When people find out that I write about food, they frequently assume that I'm either about to pronounce judgment on what they eat, or that I'm about to dispense dietary wisdom. In fact I'm a bit of a dietary antinomian.
This isn't to say that I don't harbor my share of concerns about the state of agriculture, food, and eating in this country. I do. I'm concerned that diet-related disease and obesity disproportionately affect people who are poor. Government subsidies that make fast food cheaper than fresh produce also concern me, as does the blatant disregard for the life of God's creatures that's happening on factory farms. I don't like seeing cereal marketed to children that's 25 percent sugar by weight, or girls as young as three and four worrying about the 'childhood obesity epidemic.'
But I'm equally concerned when I see how easily the devotion to 'healthy' and 'righteous' eating can take a pernicious turn and become legalistic, judgmental, isolating and even crippling. Not long ago, I met a woman who was deeply concerned about her granddaughter. "She doesn't eat anything any more! It's not that she wants to be thin, she just thinks so many different things are unhealthy. She doesn't eat grains. She doesn't eat anything that comes from an animal. She tries to eat only things that are raw. She wouldn't even eat this," she said, gesturing to the home-cooked meal we were sharing.
The grandmother was putting her finger on a key aspect of food and eating as well as one of the dangers of dietary legalism: food is communal and community-forming, and restricted diets of all sorts tend to isolate and damage people. Dr. Stephen Bratman explores this dynamic. The author of Health Food Junkie, he coined the term "orthorexia nervosa" (from the Greek ortho, "correct,'" and orexis, "appetite") in 1997. In an essay, Bratman talks about his time as a cook in a commune. Some members were vegans, some vegetarians, some macrobiotic eaters, some who wouldn't eat anything from the onion family of vegetables and some who were raw foodists. All could marshal "experts" to support their dietary doctrines. And it was really, really hard for them to eat together.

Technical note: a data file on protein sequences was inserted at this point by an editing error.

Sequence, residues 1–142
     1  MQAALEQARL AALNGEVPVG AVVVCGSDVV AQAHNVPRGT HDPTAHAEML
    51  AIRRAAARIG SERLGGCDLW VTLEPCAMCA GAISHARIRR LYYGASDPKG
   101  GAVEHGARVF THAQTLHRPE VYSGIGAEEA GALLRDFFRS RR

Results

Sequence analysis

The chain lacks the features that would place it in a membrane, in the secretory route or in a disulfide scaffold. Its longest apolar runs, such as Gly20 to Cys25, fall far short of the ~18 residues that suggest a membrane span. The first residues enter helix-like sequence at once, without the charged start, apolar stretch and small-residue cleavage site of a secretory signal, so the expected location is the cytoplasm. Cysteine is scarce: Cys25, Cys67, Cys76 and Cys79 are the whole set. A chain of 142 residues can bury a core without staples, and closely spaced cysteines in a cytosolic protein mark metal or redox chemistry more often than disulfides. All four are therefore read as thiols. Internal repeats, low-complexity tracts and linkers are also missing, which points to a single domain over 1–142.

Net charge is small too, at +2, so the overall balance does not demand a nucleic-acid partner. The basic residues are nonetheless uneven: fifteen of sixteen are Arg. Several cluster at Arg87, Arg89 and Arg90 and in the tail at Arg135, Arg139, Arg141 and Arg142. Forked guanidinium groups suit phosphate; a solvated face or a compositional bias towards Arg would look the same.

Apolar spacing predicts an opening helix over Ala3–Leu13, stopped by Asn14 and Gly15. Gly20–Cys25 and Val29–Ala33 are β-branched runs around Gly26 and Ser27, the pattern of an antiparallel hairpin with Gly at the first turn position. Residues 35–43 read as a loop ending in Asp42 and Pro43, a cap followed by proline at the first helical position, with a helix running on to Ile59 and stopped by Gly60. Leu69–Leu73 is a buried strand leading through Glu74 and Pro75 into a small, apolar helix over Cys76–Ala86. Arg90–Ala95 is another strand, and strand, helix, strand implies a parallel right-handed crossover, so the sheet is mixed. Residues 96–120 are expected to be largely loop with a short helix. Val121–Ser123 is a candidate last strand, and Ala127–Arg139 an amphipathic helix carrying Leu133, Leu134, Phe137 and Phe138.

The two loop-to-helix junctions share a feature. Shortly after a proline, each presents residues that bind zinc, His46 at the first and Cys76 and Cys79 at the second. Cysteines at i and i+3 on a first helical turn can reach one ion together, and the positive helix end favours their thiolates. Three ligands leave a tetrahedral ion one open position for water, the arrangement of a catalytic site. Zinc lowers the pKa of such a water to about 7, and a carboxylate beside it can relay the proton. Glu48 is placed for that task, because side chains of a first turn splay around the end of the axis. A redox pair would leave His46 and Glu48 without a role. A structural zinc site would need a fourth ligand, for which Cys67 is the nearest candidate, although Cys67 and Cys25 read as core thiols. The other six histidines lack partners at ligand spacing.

Ultimately, Bratman realized that the irony was that the pursuit of ideal health through diet was making him (and others) profoundly unhealthy. He writes:
The need to obtain food free of meat, fat and artificial chemicals put nearly all social forms of eating out of reach. Furthermore, intrusive thoughts of sprouts came between me and good conversation. Perhaps most dismaying of all, I began to sense that the poetry of my life had diminished. All I could think about was food.
While orthorexia is not an officially recognized disorder (and thus it's hard to know how prevalent it is) in some ways it's merely the logical progression of the food anxiety that many, many people experience. I'll come clean and confess that I once found the pursuit of dietary purity and righteousness very compelling. I was convinced that honoring God with my body meant a devotion to principles of dietary goodness and health and ecological soundness—and I fervently believed that eating organic was a question of justice, too, which, of course, it can be. Problem was, I was getting more than a little picky about what I ate, and more than a little judgmental, too. Too many food rules can make it hard to love your neighbor.
Ultimately, a rules-based approach to food misses some of the most important things about food: that it is a gift of God to be received with gratitude and pleasure, and that food brings people together. It's no accident that Jesus gave us a meal by which to participate in being his body and blood: sharing a meal, in every culture, is a sign of community and belonging. Drinking the cup and eating the bread allows us to participate, somehow, in the life of God in Christ, but it also connects us to one another, and that's a kind of connection that doesn't happen only around the communion table. It happens every time food is shared.
Do some foods testify more clearly to the goodness of God by virtue of having been produced in ways that honor God's creation, God's creatures, and God's people? Certainly. But there remains that dietary 'perfection' is elusive, if not entirely illusory, and that our lives are much more than the food that sustains them.
Bratman tells the story of being offered a piece of processed cheese by an elderly gentleman, Mr. Davis, who he'd been caring for. To Bratman at that time, this food was total poison. But Mr. Davis would have been insulted by his refusal. Bratman writes:
"I chewed the dread processed product. To my great surprise, it seemed to have a healing effect. My cold symptoms disappeared within an hour. It was as if my acceptance of his gratitude healed me."
This is neither to endorse processed food, nor to say that anyone who follows a certain diet will end up having a pathological obsession with food. It's just that there's more to God's gift of food than its ability to confer health. It's a sign of love—of God's love for us, of our love for one another, and if there's anything we can say about love, it's this: love has no room for fear,and interferes with all rules.
Subscribe to Christianity Today and get access to this article plus 65+ years of archives.
- Home delivery of CT magazine
- Complete access to articles on ChristianityToday.com
- Over 120 years of magazine archives plus full access to all of CT’s online archives
- Learn more